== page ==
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Basis of


There are over 52 thousand species of tree known to man. These are divided into softwood conifers, used to make paper, chipboard and the like, and the deciduous hardwoods. It is from the hardwoods that decorative veneers are cut.

The trees are felled and the trunks are moved to either the local port, or directly to the mills. There is much discussion of the felling of the rainforests - which are composed of the deciduous hardwoods. Of the vast areas of forest being felled, much is burnt on site; these matters are very hard to quantify, but it is thought that less than 5% of all trees felled in the world are involved in wood production (paper, timber and veneer), the rest, 95%, is burnt where it lies. At the time of printing, the question of cropping trees from renewable sources is starting to be addressed. We hope that as time goes on more and more veneers will become available from these renewable ‘timber farms’.

At present the varieties available from renewable tropical sources are teak, ‘greenheart’, and Indian Rosewood. We have received information that some mahoganies are now being cropped in countries such as Ghana.

Temperate hardwoods - walnut, sycamore, oaks, ash, birch, yew and beech are all being cropped from plantations.

Veneer production has moved away from the old centres such as London and Paris towards the producer nations in Africa and South America, and the Far East. There are some mills left in the U.K. but numbers have markedly fallen over the last twenty years as it has become more economic to slice timber near to where it grows rather than shipping logs around the world.

For normal panel veneers, the trunk of the tree from the root bowl to the first limb is used. The point where the limbs branch out can be used to produce curls, and the root bowl to produce burrs; these burrs are cut from the junction of trunk and root bowl.

Veneer was produced, until the 19th century, by sawing, at first by hand, and then as the Industrial Revolution gained pace, with large circular saws powered by water and later by steam.

The greatest disadvantage of cutting by saw is the tremendous amount of wood lost as sawdust - to produce a leaf of veneer meant losing 4 or 5 times more in dust. This method was superseded by knife cutting, but saw cutting is still used to this day to cut very hard woods such as Gabon ebony.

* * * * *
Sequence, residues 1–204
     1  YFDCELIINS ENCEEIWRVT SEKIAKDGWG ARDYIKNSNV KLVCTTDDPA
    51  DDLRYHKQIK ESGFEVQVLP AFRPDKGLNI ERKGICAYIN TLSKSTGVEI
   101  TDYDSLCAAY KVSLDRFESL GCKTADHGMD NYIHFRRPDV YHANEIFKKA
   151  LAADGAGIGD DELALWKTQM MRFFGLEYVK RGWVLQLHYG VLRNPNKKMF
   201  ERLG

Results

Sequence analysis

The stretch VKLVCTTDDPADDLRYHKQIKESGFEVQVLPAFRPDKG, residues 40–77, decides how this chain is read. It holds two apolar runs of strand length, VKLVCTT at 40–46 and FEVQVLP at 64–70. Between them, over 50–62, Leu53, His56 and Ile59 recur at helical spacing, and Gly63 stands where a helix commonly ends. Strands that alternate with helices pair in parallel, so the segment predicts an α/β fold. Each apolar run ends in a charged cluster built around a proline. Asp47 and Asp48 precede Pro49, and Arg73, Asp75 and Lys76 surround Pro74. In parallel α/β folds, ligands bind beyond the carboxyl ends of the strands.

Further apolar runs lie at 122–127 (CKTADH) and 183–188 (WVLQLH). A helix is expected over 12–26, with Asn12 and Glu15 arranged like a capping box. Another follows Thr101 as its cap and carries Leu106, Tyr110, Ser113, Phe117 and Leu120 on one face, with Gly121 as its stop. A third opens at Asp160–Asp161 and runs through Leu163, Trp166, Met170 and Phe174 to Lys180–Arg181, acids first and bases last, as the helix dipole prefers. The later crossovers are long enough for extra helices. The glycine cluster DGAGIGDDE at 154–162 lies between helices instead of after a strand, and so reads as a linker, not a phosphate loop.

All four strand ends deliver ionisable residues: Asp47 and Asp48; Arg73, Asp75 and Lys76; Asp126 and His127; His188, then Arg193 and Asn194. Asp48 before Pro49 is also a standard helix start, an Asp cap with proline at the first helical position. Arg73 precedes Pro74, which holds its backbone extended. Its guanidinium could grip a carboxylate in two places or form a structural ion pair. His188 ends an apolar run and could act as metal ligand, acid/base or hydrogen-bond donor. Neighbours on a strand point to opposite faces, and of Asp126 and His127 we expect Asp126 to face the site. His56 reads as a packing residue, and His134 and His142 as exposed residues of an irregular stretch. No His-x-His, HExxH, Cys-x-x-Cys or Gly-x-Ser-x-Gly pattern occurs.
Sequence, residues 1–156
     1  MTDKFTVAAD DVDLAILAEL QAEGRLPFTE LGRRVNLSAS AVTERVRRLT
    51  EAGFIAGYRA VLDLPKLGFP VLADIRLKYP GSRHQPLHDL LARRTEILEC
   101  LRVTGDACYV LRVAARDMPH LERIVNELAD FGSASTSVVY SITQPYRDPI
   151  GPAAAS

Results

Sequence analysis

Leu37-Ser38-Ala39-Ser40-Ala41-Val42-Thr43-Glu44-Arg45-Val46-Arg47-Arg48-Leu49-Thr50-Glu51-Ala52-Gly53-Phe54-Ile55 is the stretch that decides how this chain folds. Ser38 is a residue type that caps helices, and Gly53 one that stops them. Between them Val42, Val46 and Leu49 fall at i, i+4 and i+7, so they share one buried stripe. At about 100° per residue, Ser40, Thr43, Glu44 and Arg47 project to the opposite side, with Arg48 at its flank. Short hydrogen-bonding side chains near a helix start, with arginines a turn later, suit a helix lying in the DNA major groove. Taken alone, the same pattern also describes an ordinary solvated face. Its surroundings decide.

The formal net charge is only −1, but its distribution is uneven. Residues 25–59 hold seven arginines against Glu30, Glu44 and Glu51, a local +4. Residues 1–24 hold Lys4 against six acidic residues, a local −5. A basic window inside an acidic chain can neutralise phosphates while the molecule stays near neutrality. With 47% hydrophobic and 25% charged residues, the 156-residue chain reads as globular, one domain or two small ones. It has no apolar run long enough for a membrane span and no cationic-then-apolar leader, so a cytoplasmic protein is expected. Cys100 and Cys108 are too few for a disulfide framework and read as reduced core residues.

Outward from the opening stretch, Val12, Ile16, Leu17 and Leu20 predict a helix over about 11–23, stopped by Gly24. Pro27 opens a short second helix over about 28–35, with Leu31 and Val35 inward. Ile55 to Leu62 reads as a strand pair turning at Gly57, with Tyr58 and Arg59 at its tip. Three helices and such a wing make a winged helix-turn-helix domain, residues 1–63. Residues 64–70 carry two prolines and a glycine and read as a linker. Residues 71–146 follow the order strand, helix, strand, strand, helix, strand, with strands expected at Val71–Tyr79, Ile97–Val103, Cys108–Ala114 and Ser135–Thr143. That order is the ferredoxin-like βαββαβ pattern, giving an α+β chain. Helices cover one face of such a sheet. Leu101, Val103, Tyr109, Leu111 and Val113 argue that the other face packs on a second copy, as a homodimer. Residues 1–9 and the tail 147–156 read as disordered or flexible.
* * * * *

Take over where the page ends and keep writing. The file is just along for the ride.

Prior to slicing, the logs are debarked and checked for any foreign bodies; a piece of metal that the tree has grown around would wreck the slicing knife. The whole log is then soaked in water to soften the wood; soaking can be either hot or cold depending on the specie being cut.

Rotary Cutting

After the log has been soaked it is mounted on a giant lathe, spun and the knife held against the log. The veneer is cut in the same way as a swiss roll being unwound. All veneer used for constructional purposes is cut in this way. Certain decorative veneers can be rotary cut to make the most of the surface feature, e.g. Birds Eye Maple, Mazur Birch, Kevasigno and Betula. As the veneer is not cut in a sequential fashion, there is not the opportunity to make matches

Flat and Half Round Cutting

The majority of decorative veneers are cut from the log flat or half rounded. Each log is assessed so that when the veneer is cut the best yield is obtained from the wood, and the veneer cut has the figure and character which will gain the best market price.

Flat Cutting has the knife moving to and fro along a flat line and the log is fed incrementally up to the knife, a veneer thickness for each cut. Burrs are usually flat sliced.


Half round slicing has the log mounted off centre on a lathe. Each time the log passes the knife, a leaf is sliced off. The advantage of this method is that it will yield wider leaves from a given log than it will fault cutting. As pictures can speak a thousand words, please see the explanatory diagrams.

True quarter cut has the log cut into quarters and then sliced.

These days, one typical fate of a log would be after soaking, that it would be ‘flat sliced’ until the heartwood is reached, giving crown cut veneer. Slicing through the centre of the log produced ‘quarter cut veneer’ on either side with the heartwood being trimmed away later. The remainder of the log is sliced as crown cut veneer.

Quarter Cut Veneers: Mostly the striped species, these are available in architectural panelling lengths of up to 7 - 8 feet in length, and in actual flitch widths ranging from 6 inches up to 9 inches according to specie, with 8 inches being a fair average width. Pencil striped Sapele, African Walnut and Afromosia are examples.


How special figure is produced 

A.    Curl formed at the juncture between main trunk and branch

Curl Veneers: Vary from 18 inches to 36 inches in length (that is 46 cms x 92 cms approx) and from 12 inches to 18 inches width (30 cms x 46 cms) with a fair average being 24 inches x 12 inches (61 cms x 30 cms).
Most leaves of curl are tapered.

B.    Burr which is cut through a wart-like protuberance

Burr Veneers: These are small, irregular shaped leaves varying from a few inches (6 inches x 4 inches) in size (that is approx 15 cms x 10 cms) up to 2 ft. or even 3ft. long by 12 - 18 inches wide (approx 61 cms or even 91 cms long by 30 cms - 46 cms wide). Fair average dimensions are 18 inches x 10 inches (approx 46 cms x 25. 5 cms).

C.    Fiddleback figure, the result of cutting through wavy grain

Stumpwood or Fancy Butts: These are the fancy figured short ends, size 20 inches x 15 inches - down to 12 inches x 9 inches, fair average about 18 inches x 10 inches. (in metric approx 51 cms x 38 cms - down to 30 cms x 23 cms, fair average about 46 cms x 25. 5 cms).

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